With Buffalo Wild Wings’ stock up 32.5% year-to-date, our negative research stance heading into the 4Q11 EPS print has definitely left a scar. We are also not going into hiding because the facts indicate that some important questions need to be answered by Buffalo Wild Wings to sustain its stock price at current levels. Besides the more specific issues facing the company, the macro environment for restaurant stocks is generally positive – for now. Here we run through our updated thoughts on the stock.
Our view of Buffalo Wild Wings’ 4Q11 results was that, while the top line numbers were impressive, it was disconcerting that margins did not expand despite the fact that elevated wing prices were yet to impact the P&L. On its own, this fact would likely have been enough to prompt skepticism among investors but – unfortunately for our research call – the 1Q12 to-date (as of 2/7) same-store sales number, at 12.9% at company locations, superseded any margin-related concerns.
The stock has settled in at around $90 and the EV/EBITDA (NTM) multiple has expanded to 10x. We are less than convinced that this current price level is sustainable over the intermediate term TREND and see significant risk to the downside if the company does not execute to perfection over the next two quarters. The Street, it seems, shares this view; despite the impressive 1Q guidance and the implied same-store sales trends, FY12 EPS estimates did not move significantly. Estimates for 1Q12, appropriately, were revised sharply higher but it seems that analysts are waiting to see how the rest of the year plays out (chart1, 2). Our view is that costs will play a more significant role in 2Q and 3Q than consensus is allowing for.
Here are some points we are currently focused on:
- The sequential move in comparable-restaurant sales from 8.9% in 4Q11 to 12.9% for the first five weeks of 1Q12 benefitted by 3% from the impact of gift cards and also, we estimate 2-3% of favorable weather impact. Our estimate for the real current run-rate of comps is 7%. Gift cards may not have as much of a favorable impact on the full quarter comp versus January’s but we still expect a significant boost from gift cards and weather for 1Q12 comps.
- The Street obviously gave the company a pass on flat margins in 4Q, despite a stronger-than-expected top line, due to the 12.9% 1Q12 to-date same-store sales number released coincidentally. 4Q11 was a poor quality quarter for BWLD given the lack of flow through on strong comps and the fact that the tax rate was lower than expected. Unless the company can keep disclosing quarter-to-date comps far in excess of expectations, the lack of leverage in the business model will be a concern for investors. Without gift card and weather benefits, especially in the event that the broader employment outlook softens the stock price could move lower. Tougher top line compares are coming in 2Q and 3Q for BWLD and we believe investors will be seeking reassurance from management that the momentum in sales is continuing into April when 1Q EPS is reported (chart 3).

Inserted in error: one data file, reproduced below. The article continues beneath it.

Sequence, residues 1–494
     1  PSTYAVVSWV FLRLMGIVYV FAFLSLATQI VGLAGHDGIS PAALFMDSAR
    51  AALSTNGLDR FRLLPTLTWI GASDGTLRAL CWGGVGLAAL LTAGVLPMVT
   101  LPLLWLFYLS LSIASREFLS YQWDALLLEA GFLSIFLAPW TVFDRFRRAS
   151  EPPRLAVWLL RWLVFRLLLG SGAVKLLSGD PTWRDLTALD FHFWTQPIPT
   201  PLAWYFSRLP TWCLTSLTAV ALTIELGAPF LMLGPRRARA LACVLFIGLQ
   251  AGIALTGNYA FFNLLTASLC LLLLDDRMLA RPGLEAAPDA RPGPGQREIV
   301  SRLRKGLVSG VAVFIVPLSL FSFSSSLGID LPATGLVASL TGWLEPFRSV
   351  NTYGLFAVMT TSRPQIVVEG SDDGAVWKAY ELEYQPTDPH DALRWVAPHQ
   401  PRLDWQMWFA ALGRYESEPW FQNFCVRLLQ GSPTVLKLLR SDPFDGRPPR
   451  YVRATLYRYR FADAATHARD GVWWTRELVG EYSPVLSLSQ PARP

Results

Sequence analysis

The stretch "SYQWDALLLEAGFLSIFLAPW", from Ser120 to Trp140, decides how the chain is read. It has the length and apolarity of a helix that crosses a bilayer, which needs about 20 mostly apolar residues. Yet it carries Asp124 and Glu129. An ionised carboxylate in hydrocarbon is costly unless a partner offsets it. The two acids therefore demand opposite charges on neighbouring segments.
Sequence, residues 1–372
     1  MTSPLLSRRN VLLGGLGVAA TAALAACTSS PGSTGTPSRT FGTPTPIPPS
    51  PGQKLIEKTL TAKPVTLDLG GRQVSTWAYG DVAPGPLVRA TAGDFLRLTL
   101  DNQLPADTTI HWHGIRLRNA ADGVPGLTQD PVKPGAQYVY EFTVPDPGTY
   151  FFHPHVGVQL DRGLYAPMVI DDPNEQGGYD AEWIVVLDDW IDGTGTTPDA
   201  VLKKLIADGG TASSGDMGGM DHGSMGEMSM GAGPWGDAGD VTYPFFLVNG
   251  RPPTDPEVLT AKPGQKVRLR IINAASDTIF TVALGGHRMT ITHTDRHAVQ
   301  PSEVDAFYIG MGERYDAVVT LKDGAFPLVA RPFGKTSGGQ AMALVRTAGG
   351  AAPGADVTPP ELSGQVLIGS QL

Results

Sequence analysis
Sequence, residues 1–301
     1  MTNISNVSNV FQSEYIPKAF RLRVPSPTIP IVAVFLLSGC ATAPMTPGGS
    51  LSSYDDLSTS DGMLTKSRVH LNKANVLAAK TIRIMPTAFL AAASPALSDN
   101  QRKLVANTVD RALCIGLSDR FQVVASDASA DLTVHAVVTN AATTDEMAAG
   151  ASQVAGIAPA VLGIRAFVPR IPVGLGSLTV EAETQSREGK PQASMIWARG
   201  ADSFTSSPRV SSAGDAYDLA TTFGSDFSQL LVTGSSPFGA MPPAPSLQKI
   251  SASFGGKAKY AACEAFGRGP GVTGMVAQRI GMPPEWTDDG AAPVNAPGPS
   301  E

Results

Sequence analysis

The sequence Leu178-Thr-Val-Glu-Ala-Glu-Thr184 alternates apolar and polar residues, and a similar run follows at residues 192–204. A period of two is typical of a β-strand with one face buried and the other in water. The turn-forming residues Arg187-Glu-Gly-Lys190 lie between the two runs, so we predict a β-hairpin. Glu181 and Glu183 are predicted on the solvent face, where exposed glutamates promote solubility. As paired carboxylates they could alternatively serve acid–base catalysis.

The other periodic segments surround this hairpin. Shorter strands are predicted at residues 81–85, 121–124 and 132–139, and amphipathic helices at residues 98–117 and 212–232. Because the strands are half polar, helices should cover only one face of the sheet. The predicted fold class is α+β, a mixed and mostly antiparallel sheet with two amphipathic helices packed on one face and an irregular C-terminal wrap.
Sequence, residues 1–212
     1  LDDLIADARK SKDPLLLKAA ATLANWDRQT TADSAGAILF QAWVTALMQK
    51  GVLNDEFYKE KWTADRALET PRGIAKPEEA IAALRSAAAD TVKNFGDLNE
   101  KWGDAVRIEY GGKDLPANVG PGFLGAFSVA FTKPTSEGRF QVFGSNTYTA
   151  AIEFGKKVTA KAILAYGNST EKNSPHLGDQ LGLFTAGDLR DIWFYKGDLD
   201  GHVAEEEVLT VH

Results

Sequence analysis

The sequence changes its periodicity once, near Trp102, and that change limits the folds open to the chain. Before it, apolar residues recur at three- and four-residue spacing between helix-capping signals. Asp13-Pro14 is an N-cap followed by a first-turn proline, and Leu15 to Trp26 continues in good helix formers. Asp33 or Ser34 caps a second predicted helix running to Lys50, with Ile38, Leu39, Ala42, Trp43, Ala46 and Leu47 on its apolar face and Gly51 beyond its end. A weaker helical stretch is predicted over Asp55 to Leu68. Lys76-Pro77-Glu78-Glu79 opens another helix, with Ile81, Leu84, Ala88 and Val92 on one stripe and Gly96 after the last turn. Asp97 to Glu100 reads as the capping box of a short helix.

- We are hearing from some franchisees that sales softened in the second half of February. Gas prices (up 6% in the two weeks from 2/15) are thought to have been a factor.
- Chicken prices continue to head higher. While chicken wings led the way, other cuts are now following; breast, leg, and full bird prices are all gaining as elevated beef prices push food service toward chicken products. This demand for chicken is a bullish indicator for wing prices. Additionally, as the processors continue to struggle, supply remains constrained (chart 4).
- Sanderson's Farm (SAFM) is up 14% over the past month on the improved outlook for chicken prices.
- In order to manage inflation and meet EPS expectations, management will likely need to cut costs and/or raise prices. Both of these strategies could ultimately have a negative impact on the top line. Cutting G&A costs is not without its risks for a "growth" restaurant company given the likelihood that it might impact revenue growth down the road. Additionally, as we learned on the 2Q11 EPS earnings call, expanding the concept's geographical reach - a key component of the growth story - requires significant G&A investment.
- Management mentioned the possibility of acquiring or developing a second concept. This is generally a huge drain on company resources and can require significant investment. We would be initially skeptical of this notion but obviously will reserve judgment until such a time that management might disclose more detail. Our initial concern is founded upon the fact that BWLD is not generating much cash flow (after growth-related expenses). The company’s net CFFO-to-net income ratio has been barely positive over the last year (chart 5). If margins contract in 2Q and 3Q, that only heightens our negative view of BWLD acquiring an additional concept; the company would have to lever up to acquire a second concept of significant scale.
- AT 10x EV/EBITDA, BWLD looks very expensive for a company with a checkered past of inconsistent operating performance.